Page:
Scared or Mad (graphic)
James Cross describes how he was either scared or mad at the Chinese, particularly while at Heartbreak Ridge. He recalls having one hot meal a day and recounts an incident which occurred shortly after finishing a meal. He remembers being mad at the Chinese during the majority of his service for what they were doing to American soldiers, and he shares that he tried his best to stop them at whatever cost.
James Parker recalls the campaign for Heartbreak Ridge. He remembers many calls for medics as soldiers were continuously wounded advancing up the hill. He chronicles the change in tactics from using manpower to advance to using tanks instead as a means of taking out the enemy bunkers.
James Parker recalls writing letters home to his sister. He produces a folder containing a letter he had written and offers the viewing of a magazine he was sent from the States pertaining to Heartbreak Ridge. He utilizes the map to show the routes he and other soldiers took during the campaign.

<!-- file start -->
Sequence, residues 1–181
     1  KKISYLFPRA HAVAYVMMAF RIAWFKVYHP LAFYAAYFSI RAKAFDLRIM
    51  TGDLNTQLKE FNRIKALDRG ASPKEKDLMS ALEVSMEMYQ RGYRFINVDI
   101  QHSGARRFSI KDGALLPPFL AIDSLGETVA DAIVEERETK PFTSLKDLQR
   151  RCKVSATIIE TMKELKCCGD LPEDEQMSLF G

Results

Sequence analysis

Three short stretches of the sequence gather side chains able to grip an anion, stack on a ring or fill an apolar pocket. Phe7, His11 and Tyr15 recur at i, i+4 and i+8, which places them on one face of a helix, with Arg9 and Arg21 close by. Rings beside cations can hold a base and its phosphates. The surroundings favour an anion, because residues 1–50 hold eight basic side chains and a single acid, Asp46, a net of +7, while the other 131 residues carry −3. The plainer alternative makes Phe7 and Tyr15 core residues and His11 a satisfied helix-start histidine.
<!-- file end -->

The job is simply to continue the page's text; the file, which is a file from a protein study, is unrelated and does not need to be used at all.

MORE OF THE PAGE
Keith G. Hall
Minesweepers near "Little Gibraltar"
Keith G. Hall describes his experiences near Hill 355, nicknamed "Little Gibraltar", in October 1951 as part of the Battle of Maryang-san alongside the more famous Battle of Heartbreak Ridge. His unit helped maintain the roads and sweep for mines behind the hill. He recounts the many wounded brought down from the battle.
Patterns of Minefields
Keith G. Hall explains the process of clearing mines. For fields laid by allies, he had access to the schematics in order to know where mines had been laid. He felt fortunate that he didn't have to detect mines laid by the enemy.
Slippery Slopes and Minefields
Keith G. Hall describes the dangers of defusing anti-personnel mines, as they included both trip wires and three-prong detonation features. In one instance, a sergeant working with him slipped on a slope and exploded a mine. His body was thrown onto another mine, which Keith G. Hall had to deactivate in hopes of saving the sergeant.
Get Out of This Field!
Keith G. Hall describes training reinforcements to clear minefields. Inserting pins into mines in order to deactivate them was of utmost importance. In one instance, a soldier forgot and had clear the field fast.